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Muslims
Prayer in Cairo 1865.jpg
Muslims praying in 1865 Cairo by Jean-Léon Gérôme
Total population
c.1.8 billion worldwide (2020)[1][2][3]
Founder
Muhammad[4]
Regions with significant populations
 Indonesia236,800,000[5]
 Pakistan208,800,000[6]
 India194,600,000[7]
 Bangladesh151,900,000[8]
 Nigeria99,100,000[9]
 Egypt95,000,000[10]
 Iran82,900,000[11]
 Turkey82,800,000[12]
 China60,000,000—80,000,000Muslims are people who follow or practice Islam, a monotheistic Abrahamic religion. Muslims consider the Quran, their holy book, to be the verbatim word of God as revealed to the Islamic prophet and messenger Muhammad. The majority of Muslims also follow the teachings and practices of Muhammad (sunnah) as recorded in traditional accounts (hadith).[29] The derivation of "Muslim" is from an Arabic word meaning "submitter" (to God).[30]

The beliefs of Muslims include: that God (Arabic: اللهAllāh) is eternal, transcendent and absolutely one (tawhid); that God is incomparable, self-sustaining and neither begets nor was begotten; that Islam is the complete and universal version of a primordial faith that has been revealed before through many prophets including Abraham, Ishmael, Isaac, Moses, and Jesus;[31] that these previous messages and revelations have been partially changed or corrupted over time (tahrif)[32] and that the Quran is the final unaltered revelation from God.[33]

As of 2015, 1.8 billion or about 24.1% of the world population are Muslims.[34] By the percentage of the total population in a region considering themselves Muslim, 91% in the Middle EastNorth Africa (MENA),[35] 81% in Central Asia,[36][37] 65% in the Caucasus,[38][39][40][41][42][43] 40% in Southeast Asia,[44][45] 31% in South Asia,[46][47] 30% in Sub-Saharan Africa,[48] 25% in AsiaOceania,[49] around 6% in Europe,[50] and 1% in the Americas.[51][52][53][54]

Most Muslims are of one of two denominations; Sunni (75–90%)[55] and Shia.[18] About 13% of Muslims live in Indonesia, the largest Muslim-majority country;[56] 31% of Muslims live in South Asia,[57] the largest population of Muslims in the world;[58] 20% in the Middle East–North Africa,[59] where it is the dominant religion;[60] and 15% in Sub-Saharan Africa.[61] Muslims are the overwhelming majority in Central Asia,[62] the majority in the Caucasus[63][64] and widespread in Southeast Asia.[65] India is the country with the largest Muslim population outside Muslim-majority countries.[66] Sizeable Muslim communities are also found in the Americas, China, and Europe.[67][68][69] Islam is the fastest-growing major religion in the world.[70][71][72]

Qualifier

The religious practices of Muslims are enumerated in the Five Pillars of Islam: the declaration of faith (shahadah), daily prayers (salah), fasting during the month of Ramadan (sawm), almsgiving (zakat), and the pilgrimage to Mecca (hajj) at least once in a lifetime.[73][74]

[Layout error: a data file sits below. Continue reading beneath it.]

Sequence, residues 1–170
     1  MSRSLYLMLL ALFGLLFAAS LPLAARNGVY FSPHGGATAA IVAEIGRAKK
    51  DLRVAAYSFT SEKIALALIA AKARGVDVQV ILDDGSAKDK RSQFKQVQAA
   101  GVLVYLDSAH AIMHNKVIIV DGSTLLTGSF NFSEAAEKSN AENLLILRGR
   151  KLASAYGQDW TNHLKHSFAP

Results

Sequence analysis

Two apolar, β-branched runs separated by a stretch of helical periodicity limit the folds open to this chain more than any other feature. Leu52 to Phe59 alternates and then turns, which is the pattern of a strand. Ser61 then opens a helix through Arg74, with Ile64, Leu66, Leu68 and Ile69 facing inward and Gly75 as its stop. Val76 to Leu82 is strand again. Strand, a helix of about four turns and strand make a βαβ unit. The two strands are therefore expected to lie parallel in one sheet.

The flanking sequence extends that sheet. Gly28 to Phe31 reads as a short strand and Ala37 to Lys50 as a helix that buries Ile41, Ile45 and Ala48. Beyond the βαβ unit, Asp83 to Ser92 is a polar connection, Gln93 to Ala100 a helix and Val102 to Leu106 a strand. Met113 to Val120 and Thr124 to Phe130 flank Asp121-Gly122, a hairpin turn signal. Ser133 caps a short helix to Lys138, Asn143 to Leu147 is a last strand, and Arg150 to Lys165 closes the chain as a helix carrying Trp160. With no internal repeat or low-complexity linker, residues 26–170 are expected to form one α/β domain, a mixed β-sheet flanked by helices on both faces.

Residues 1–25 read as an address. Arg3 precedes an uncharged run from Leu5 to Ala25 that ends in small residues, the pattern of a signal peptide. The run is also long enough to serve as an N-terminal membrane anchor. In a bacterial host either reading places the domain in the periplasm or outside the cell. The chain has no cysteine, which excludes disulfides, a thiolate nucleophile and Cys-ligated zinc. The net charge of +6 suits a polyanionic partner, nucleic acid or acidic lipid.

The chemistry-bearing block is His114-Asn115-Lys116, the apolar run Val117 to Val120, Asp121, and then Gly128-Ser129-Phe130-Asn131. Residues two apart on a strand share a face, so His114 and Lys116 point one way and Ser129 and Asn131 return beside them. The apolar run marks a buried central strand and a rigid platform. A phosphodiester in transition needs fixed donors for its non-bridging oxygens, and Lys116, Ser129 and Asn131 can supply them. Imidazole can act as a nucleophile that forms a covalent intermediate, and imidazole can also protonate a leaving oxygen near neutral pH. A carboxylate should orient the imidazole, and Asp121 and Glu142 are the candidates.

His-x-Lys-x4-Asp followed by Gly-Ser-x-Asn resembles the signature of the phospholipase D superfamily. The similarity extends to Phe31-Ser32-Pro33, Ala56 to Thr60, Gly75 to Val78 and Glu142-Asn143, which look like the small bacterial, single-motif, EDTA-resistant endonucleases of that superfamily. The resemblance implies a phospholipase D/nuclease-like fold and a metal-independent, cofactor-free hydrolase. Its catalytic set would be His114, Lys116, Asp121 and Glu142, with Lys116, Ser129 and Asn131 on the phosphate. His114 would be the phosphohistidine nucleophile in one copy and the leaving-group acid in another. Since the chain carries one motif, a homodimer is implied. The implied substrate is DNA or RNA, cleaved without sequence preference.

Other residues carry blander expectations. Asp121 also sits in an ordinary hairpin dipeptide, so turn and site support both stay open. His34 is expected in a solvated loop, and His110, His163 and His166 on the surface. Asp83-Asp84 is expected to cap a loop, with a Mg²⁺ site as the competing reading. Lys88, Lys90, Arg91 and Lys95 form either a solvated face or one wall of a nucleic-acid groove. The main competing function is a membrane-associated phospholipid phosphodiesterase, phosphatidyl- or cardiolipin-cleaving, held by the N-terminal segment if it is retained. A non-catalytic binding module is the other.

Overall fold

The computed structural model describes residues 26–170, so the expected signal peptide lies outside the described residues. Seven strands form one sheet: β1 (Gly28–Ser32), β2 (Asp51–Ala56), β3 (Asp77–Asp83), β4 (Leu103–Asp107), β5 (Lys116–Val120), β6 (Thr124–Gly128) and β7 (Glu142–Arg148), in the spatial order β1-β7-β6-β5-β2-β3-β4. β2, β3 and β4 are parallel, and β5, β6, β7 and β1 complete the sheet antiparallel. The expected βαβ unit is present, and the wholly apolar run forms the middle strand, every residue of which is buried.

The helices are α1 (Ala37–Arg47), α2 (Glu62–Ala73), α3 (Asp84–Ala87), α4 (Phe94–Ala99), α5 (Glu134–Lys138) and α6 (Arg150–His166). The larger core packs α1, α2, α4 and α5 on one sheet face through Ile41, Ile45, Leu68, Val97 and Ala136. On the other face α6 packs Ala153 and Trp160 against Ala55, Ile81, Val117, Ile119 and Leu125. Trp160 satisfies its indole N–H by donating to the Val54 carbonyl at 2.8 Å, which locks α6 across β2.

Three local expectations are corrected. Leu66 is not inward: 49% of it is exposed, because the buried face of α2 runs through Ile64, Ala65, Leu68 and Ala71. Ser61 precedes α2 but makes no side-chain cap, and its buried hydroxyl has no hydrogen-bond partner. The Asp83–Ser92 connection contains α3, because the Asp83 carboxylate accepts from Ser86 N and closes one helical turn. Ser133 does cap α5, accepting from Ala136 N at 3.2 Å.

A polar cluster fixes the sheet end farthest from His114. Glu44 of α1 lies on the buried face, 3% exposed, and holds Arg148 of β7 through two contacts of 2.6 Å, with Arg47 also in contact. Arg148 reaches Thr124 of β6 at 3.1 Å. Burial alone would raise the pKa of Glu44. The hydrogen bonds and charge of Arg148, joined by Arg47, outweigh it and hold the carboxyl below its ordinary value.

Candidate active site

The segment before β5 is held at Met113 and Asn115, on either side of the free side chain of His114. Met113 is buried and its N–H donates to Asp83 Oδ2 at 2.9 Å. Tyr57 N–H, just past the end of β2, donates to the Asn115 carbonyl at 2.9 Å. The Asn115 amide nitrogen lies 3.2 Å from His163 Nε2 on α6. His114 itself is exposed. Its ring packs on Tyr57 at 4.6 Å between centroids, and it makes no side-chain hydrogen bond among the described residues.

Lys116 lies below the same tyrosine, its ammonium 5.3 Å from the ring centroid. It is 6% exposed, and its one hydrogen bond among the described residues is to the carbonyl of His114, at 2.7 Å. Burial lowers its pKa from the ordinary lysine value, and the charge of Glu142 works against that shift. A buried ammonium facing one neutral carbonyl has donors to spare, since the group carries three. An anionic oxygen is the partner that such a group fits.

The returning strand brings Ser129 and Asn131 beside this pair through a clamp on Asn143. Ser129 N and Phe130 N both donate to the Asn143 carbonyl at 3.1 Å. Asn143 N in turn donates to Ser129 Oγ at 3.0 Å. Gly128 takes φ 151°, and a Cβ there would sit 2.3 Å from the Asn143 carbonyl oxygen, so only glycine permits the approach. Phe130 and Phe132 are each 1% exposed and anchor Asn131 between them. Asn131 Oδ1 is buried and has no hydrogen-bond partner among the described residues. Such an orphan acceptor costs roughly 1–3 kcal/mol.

To become a Muslim and to convert to Islam, it is essential to utter the Shahada, one of the Five Pillars of Islam, a declaration of faith and trust that professes that there is only one God (Allah) and that Muhammad is God's messenger.[75] It is a set statement normally recited in Arabic: ašhadu ʾal-lā ʾilāha ʾillā-llāhu wa ʾašhadu ʾanna muħammadan rasūlu-llāh (أشهد أن لا إله إلا الله وأشهد أن محمداً رسول الله) "I testify that there is no god [worthy of worship] except Allah and Muhammad is the messenger of Allah."[76]

In Sunni Islam, the shahada has two parts: la ilaha illa'llah (there is no god but Allah), and Muhammadun rasul Allah (Muhammad is the messenger of God),[77] which are sometimes referred to as the first shahada and the second shahada.[78] The first statement of the shahada is also known as the tahlīl.[79]

In Shia Islam, the shahada also has a third part, a phrase concerning Ali, the first Shia Imam and the fourth Rashid caliph of Sunni Islam: وعليٌ وليُّ الله (wa ʿalīyyun walīyyu-llāh), which translates to "Ali is the wali of God".[80]

Etymology

The word muslim (Arabic: مسلم‎, IPA: [ˈmʊslɪm]; English: /ˈmʌzlɪm/, /ˈmʊzlɪm/, /ˈmʊslɪm/ or moslem /ˈmɒzləm/, /ˈmɒsləm/[81]) is the active participle of the same verb of which islām is a verbal noun, based on the triliteral S-L-M "to be whole, intact".[82][83] A female adherent is a muslima (Arabic: مسلمة‎) (also transliterated as "Muslimah"[84] ). The plural form in Arabic is muslimūn (مسلمون) or muslimīn (مسلمين), and its feminine equivalent is muslimāt (مسلمات).

The ordinary word in English is "Muslim". The word Mosalman (Persian: مسلمان‎, alternatively Mussalman) is a common equivalent for Muslim used in Central and South Asia. In English it was sometimes spelled Mussulman and has become archaic in usage. Until at least the mid-1960s, many English-language writers used the term Mohammedans or Mahometans.[85] Although such terms were not necessarily intended to be pejorative, Muslims argue that the terms are offensive because they allegedly imply that Muslims worship Muhammad rather than God.[86] Other obsolete terms include Muslimite[87] and Muslimist.[88]

Meaning

The Muslim philosopher Ibn Arabi said:

A Muslim is a person who has dedicated his worship exclusively to God...Islam means making one's religion and faith God's alone.[89]

Other prophets